102.3 Saturday, Jan. 7 Phylogenetic implications of the morphology of the braincase of caecilian amphibians (Gymnophiona) MADDIN, HC*; RUSSELL, AP; ANDERSON, JS; University of Calgary; University of Calgary; University of Calgary email@example.com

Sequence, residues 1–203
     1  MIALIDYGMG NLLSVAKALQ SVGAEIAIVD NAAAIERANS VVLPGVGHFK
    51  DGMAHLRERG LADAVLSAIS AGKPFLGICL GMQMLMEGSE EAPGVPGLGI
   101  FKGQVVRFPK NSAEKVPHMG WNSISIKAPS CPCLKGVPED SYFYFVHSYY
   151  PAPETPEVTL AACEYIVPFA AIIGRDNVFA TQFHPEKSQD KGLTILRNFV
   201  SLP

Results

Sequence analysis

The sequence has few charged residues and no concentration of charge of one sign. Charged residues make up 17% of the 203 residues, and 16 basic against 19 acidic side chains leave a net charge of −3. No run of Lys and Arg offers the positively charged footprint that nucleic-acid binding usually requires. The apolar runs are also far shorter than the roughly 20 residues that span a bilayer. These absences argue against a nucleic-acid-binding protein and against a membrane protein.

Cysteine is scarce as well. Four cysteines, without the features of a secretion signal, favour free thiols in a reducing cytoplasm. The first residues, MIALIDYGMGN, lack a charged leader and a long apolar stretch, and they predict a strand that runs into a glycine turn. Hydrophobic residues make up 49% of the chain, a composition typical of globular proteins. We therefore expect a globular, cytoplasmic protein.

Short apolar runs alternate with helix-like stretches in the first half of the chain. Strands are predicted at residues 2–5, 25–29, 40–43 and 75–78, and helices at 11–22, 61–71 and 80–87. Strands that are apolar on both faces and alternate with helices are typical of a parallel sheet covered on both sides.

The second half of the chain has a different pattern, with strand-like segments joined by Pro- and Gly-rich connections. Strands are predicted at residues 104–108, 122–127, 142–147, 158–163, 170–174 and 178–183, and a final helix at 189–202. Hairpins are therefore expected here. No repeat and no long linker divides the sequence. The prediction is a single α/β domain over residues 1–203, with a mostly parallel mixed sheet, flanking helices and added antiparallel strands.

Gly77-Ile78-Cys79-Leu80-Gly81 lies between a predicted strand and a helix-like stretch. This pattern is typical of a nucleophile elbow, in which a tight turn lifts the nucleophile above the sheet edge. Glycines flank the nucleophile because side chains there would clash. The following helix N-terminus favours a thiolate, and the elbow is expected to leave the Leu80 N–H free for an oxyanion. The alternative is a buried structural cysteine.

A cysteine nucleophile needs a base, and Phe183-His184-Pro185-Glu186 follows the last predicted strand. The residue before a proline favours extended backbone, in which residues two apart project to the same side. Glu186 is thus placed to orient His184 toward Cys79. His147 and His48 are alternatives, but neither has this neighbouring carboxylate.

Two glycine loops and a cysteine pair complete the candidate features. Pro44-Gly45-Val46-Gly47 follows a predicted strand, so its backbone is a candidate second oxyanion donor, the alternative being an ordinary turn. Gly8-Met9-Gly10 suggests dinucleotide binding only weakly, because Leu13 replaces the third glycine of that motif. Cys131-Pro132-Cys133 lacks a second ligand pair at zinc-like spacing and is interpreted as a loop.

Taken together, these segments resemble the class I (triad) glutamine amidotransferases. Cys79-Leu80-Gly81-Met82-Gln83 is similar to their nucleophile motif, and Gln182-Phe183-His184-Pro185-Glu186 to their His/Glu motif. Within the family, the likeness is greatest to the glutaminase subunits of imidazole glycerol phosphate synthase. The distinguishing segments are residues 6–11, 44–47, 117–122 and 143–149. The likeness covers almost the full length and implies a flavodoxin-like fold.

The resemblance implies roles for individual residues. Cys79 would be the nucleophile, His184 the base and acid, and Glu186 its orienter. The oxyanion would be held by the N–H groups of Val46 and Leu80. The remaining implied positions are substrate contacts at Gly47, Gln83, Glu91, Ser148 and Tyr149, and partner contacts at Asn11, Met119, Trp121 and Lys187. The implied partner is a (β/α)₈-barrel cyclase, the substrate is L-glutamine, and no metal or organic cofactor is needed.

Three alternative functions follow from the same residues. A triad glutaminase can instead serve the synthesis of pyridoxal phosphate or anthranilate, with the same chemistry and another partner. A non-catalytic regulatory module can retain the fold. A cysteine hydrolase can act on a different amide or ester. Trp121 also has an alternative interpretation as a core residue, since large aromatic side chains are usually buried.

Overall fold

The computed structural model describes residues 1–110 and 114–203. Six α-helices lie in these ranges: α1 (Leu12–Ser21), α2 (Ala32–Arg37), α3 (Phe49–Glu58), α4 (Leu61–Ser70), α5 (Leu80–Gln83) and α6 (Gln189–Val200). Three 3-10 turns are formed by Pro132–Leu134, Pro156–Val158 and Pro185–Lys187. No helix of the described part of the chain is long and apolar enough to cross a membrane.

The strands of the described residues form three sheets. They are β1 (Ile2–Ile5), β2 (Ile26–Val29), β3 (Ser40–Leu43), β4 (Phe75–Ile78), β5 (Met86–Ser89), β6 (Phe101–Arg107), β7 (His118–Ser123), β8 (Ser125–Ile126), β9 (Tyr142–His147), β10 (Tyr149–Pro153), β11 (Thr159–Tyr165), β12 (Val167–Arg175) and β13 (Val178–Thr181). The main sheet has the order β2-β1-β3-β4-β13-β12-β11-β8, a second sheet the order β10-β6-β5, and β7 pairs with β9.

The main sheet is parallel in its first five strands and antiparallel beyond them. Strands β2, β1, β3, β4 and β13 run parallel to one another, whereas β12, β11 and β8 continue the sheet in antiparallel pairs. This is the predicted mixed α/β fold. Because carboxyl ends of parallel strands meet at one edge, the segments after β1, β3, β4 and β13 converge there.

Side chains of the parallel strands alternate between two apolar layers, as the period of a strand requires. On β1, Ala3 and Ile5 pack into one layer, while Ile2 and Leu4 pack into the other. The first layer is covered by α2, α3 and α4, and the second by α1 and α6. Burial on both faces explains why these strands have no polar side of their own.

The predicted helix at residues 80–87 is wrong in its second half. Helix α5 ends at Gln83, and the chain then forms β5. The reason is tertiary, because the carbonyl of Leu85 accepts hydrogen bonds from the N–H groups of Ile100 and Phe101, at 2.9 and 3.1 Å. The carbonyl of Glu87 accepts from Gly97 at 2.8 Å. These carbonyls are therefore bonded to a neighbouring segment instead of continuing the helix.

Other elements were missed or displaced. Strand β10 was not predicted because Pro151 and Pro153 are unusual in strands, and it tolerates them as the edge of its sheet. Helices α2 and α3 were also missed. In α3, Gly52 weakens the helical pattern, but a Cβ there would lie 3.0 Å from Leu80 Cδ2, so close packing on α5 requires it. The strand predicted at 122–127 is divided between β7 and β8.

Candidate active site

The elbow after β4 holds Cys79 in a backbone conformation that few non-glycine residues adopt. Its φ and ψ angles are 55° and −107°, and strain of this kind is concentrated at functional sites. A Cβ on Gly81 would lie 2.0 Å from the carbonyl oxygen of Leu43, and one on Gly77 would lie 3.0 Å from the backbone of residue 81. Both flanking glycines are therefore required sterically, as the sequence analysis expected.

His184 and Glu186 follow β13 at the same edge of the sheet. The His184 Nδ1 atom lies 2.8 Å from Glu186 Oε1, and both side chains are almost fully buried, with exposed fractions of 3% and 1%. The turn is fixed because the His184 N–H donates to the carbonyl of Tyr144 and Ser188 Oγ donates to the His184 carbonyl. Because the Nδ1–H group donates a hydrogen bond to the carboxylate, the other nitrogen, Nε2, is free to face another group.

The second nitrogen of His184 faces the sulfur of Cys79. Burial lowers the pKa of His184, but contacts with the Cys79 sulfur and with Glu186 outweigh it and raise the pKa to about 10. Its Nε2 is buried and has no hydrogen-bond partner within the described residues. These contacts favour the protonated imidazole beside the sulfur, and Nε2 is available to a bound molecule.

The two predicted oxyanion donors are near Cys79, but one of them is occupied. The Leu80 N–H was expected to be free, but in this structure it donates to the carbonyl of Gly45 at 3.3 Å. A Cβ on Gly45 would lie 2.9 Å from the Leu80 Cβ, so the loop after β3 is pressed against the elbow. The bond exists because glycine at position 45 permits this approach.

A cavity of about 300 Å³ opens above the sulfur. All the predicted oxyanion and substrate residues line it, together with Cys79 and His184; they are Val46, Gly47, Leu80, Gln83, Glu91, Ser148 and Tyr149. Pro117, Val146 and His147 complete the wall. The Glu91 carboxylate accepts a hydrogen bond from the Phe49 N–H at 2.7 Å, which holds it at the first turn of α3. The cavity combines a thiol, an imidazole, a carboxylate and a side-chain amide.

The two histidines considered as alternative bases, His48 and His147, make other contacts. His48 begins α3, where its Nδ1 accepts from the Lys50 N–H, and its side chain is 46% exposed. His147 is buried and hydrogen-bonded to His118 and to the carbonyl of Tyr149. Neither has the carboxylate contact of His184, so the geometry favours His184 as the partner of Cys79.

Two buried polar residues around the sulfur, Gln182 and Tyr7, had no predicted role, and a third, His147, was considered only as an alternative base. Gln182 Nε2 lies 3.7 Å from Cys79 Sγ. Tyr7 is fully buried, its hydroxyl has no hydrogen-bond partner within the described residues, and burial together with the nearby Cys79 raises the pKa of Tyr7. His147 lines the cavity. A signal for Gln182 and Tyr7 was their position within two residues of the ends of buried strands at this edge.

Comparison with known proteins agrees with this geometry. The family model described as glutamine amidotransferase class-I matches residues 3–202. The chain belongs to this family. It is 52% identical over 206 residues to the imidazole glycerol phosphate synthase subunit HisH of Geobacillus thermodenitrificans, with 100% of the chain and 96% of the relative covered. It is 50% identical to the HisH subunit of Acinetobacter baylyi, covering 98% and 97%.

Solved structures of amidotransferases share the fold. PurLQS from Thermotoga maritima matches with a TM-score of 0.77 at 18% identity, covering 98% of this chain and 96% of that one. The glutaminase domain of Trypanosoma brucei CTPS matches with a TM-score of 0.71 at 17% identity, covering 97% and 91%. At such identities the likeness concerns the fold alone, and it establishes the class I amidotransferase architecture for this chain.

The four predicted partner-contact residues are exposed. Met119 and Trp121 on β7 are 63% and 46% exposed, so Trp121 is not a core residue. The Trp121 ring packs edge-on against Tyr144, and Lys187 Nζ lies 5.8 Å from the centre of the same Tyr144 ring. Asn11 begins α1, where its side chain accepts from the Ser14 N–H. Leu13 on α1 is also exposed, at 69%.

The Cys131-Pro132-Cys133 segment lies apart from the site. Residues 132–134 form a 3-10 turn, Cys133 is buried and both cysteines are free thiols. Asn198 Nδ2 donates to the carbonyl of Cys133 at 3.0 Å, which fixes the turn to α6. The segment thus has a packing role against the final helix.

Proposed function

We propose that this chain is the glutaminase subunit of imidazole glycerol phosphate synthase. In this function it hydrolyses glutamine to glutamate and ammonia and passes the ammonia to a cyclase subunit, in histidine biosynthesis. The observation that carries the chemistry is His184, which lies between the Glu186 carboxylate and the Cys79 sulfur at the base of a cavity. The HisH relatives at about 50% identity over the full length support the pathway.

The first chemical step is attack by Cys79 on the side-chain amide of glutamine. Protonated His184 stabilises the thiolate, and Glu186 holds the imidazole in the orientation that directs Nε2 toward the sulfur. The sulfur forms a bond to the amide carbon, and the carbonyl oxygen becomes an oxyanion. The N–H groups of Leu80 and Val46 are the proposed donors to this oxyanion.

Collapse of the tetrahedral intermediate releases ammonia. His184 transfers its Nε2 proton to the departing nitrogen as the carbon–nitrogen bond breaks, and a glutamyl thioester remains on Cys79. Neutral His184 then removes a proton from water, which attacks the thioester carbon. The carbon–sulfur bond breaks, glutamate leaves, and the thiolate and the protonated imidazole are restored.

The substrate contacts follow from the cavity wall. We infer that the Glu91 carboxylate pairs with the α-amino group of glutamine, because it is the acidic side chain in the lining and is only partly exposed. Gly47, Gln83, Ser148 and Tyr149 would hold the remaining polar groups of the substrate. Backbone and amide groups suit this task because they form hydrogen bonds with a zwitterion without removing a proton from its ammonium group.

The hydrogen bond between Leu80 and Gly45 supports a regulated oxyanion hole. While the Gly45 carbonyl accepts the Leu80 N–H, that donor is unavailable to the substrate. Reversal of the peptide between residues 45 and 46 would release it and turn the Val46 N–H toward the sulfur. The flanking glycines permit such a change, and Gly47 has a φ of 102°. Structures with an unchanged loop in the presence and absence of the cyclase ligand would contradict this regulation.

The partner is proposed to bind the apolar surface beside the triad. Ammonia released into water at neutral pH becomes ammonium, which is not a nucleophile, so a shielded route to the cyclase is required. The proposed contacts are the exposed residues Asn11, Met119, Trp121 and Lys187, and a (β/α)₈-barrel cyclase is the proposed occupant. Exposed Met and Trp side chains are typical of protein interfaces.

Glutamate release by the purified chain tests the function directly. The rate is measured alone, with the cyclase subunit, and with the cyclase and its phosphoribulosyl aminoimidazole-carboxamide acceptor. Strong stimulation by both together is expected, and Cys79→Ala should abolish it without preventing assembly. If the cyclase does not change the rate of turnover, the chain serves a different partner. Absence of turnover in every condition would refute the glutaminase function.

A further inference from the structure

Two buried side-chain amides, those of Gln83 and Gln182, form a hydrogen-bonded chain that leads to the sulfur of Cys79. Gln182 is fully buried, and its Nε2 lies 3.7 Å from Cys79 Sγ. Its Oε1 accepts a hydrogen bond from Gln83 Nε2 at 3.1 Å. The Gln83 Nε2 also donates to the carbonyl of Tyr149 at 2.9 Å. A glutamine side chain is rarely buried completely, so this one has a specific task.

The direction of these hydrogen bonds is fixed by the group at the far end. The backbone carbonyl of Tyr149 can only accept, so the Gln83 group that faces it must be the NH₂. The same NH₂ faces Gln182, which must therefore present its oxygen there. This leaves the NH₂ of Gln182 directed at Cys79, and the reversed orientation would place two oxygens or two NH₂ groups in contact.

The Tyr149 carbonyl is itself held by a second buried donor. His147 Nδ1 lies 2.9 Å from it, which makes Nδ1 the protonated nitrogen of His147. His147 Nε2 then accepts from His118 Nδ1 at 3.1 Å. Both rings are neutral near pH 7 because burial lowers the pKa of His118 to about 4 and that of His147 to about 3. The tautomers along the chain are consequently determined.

Currently, phylogenetic analyses of characters drawn from the morphology of caecilians lack resolution, as well as complementarity, with results of phylogenetic analyses that employ molecular data. Stemming from the hypothesis that the braincase has the potential to yield phylogenetic information, the braincases and intimately associated stapedes of twenty-seven species (twenty-three genera) of extant caecilians, and one fossil stem-caecilian (Eocaecilia micropodia), were examined using images assembled via micro-computed tomography. Thirty-two new morphological characters pertaining to the braincase and stapes were identified and tested for congruence with previously recognized morphological character states. The results reveal that characters of the braincase and stapes resolve generic-level relationships in a way that is largely congruent with the results of molecular analyses. The results of a combined analysis of molecular and morphological data provide a framework for conducting ancestral character state reconstructions and permit the generation of a hypothesis relating to the plesiomorphic condition of the caecilian braincase, which bears relevance to ongoing discussions about lissamphibian phylogeny. The current analyses also resulted in the identification of 70 new synapomorphies for various clades of taxa, 24 of which appear to be unique for the taxa that possess them. Together these data demonstrate the utility of the application of characters of the braincase and stapes for resolving phylogenetic relationships in this group, and provide a framework for future evolutionary studies.